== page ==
Source: Tomana’s woes mount – The Standard August 14, 2016
SUSPENDED Prosecutor General Johannes Tomana faces a torrid fortnight in his legal battle to retain his job and not to be held personally liable for his actions when he refused to prosecute convicted rapist Munyaradzi Kereke beginning with a court appearance tomorrow.
By PAIDAMOYO MUZULU
Tomana’s woes mounted last week when acting Prosecutor General Advocate Ray Goba wrote to Harare Regional Magistrate Noel Mupeiwa and private prosecutor Charles Warara that the suspended PG should personally explain his decisions to the court before it determined who should pay the cost of Kereke’s trial.
Tomana is tomorrow expected to appear in court to defend his decision not to prosecute Kereke.
Warara confirmed that Tomana should be coming to court.
“We are ready to cross-examine Tomana when he comes to testify on why he made the decision not to prosecute Kereke,” Warara said.
If the court rules against him, Tomana would be left with a huge legal bill that could run into tens of thousands of dollars, depending on what scale the magistrate decides to be used to pay the costs.
The bill could run to $60 000 if the court applies the client/attorney scale.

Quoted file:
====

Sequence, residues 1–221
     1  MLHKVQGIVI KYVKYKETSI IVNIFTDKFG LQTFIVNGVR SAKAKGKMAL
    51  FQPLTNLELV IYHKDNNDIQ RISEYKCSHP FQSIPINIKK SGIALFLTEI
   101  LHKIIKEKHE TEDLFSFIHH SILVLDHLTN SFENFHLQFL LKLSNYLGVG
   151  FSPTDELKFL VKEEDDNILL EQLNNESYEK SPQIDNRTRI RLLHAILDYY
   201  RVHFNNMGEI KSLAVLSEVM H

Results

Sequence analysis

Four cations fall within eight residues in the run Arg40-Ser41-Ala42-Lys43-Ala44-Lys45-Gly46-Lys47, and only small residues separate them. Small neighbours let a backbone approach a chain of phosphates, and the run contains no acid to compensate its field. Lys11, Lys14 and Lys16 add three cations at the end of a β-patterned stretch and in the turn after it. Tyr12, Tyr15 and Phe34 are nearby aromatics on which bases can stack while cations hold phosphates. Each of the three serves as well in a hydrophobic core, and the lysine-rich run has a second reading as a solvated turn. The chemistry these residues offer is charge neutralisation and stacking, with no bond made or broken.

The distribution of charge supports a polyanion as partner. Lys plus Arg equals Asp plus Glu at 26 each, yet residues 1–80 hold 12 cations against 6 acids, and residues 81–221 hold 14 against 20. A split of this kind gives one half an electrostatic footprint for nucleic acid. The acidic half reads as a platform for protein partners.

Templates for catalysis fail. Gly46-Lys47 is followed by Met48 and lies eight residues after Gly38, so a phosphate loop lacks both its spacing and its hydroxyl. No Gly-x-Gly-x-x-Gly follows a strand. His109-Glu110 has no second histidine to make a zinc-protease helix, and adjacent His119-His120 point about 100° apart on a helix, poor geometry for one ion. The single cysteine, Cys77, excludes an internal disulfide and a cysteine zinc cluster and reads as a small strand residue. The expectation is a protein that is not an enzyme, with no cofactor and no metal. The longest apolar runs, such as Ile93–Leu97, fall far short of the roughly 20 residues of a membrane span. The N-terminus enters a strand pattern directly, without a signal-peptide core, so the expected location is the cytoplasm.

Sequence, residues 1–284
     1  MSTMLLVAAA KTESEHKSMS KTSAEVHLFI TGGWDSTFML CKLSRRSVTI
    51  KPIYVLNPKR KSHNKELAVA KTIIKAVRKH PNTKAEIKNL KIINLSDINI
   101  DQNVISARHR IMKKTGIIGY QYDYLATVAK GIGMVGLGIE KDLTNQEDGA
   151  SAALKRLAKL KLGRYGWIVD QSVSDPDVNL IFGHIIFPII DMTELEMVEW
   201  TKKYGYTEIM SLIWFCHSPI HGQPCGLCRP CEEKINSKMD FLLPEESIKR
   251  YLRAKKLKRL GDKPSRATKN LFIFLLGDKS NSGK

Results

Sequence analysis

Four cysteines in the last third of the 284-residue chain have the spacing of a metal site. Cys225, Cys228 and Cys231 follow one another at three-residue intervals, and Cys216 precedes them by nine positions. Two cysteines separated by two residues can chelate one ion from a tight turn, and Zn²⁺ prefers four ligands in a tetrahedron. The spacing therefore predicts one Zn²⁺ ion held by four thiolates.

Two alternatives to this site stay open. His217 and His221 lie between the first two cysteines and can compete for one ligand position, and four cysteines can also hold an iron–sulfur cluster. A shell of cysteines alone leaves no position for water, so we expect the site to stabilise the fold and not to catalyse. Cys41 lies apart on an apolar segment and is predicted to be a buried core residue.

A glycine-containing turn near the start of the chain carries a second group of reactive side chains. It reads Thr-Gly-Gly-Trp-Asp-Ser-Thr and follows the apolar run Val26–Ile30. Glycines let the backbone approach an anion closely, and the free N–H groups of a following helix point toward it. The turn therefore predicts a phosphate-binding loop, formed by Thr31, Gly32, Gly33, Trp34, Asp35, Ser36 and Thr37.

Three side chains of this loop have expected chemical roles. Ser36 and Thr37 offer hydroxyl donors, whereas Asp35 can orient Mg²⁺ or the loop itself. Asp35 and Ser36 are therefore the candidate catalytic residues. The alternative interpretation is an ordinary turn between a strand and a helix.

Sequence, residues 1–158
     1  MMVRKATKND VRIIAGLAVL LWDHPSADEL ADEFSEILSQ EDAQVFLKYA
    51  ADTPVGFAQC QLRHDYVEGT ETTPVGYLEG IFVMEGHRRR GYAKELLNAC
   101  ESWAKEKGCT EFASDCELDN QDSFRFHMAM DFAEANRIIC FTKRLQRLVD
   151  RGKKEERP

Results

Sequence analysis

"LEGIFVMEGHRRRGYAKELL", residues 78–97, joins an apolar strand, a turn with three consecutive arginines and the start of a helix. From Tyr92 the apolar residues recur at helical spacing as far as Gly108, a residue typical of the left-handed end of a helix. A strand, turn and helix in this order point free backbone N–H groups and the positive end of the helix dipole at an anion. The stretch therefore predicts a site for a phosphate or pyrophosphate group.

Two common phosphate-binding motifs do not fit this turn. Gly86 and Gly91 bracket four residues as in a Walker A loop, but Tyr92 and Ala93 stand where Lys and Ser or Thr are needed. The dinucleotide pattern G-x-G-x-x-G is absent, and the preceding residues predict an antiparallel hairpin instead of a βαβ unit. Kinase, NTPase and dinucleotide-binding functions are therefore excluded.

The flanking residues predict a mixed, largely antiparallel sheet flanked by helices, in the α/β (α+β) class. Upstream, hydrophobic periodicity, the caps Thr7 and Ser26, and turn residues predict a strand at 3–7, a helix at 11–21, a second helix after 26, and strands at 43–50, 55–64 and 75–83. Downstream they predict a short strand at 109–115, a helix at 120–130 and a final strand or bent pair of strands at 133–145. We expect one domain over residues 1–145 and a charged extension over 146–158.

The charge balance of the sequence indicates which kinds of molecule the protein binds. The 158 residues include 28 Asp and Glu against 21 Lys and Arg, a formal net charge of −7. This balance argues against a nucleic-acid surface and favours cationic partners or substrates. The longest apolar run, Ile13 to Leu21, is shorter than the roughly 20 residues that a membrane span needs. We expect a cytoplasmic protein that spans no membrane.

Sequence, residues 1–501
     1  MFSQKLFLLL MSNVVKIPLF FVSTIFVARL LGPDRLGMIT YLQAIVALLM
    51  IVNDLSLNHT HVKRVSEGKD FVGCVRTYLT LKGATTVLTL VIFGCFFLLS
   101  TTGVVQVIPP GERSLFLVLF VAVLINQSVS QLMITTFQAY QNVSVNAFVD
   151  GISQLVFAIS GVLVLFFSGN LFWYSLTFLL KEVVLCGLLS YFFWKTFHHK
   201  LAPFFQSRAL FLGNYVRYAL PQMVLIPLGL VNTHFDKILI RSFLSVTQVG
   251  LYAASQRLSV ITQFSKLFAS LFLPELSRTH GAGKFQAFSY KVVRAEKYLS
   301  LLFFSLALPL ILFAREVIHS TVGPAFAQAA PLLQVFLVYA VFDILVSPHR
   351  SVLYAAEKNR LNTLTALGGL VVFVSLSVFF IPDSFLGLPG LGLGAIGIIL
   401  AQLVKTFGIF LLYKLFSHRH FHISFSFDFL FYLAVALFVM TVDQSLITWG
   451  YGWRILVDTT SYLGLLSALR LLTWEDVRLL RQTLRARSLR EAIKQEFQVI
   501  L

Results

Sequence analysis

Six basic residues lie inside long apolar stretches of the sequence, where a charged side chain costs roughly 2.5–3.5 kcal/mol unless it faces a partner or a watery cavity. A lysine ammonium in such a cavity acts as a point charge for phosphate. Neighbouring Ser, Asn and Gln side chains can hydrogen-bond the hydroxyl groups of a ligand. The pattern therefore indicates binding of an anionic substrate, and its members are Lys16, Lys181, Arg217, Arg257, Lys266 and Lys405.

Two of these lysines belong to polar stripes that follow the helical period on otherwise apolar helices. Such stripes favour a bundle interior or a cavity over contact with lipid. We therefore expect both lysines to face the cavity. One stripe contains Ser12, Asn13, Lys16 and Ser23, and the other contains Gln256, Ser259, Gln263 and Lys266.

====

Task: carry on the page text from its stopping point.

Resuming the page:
Meanwhile, the Justice Moses Chinhengo tribunal that started investigations into Tomana’s fitness to continue holding the office as PG entered its second week.
Justice permanent secretary Virginia Mabhiza confirmed that investigations had begun.
“The tribunal started its work on July 25 and the speed of progress will determine when the hearing would be held,” Mabhiza said.
The tribunal, after its hearings, can recommend to President Robert Mugabe to dismiss Tomana if it finds him guilty of the charges levelled against him by the Judicial Services Commission (JSC).
The JSC wrote to Mugabe alleging that Tomana was failing in discharging his duties, particularly when he unilaterally decided to withdraw charges against suspected Gushungo Dairy bombers.
Tomana was also alleged to have improperly conducted himself when he refused to prosecute a number of high profile cases, including that of Kereke.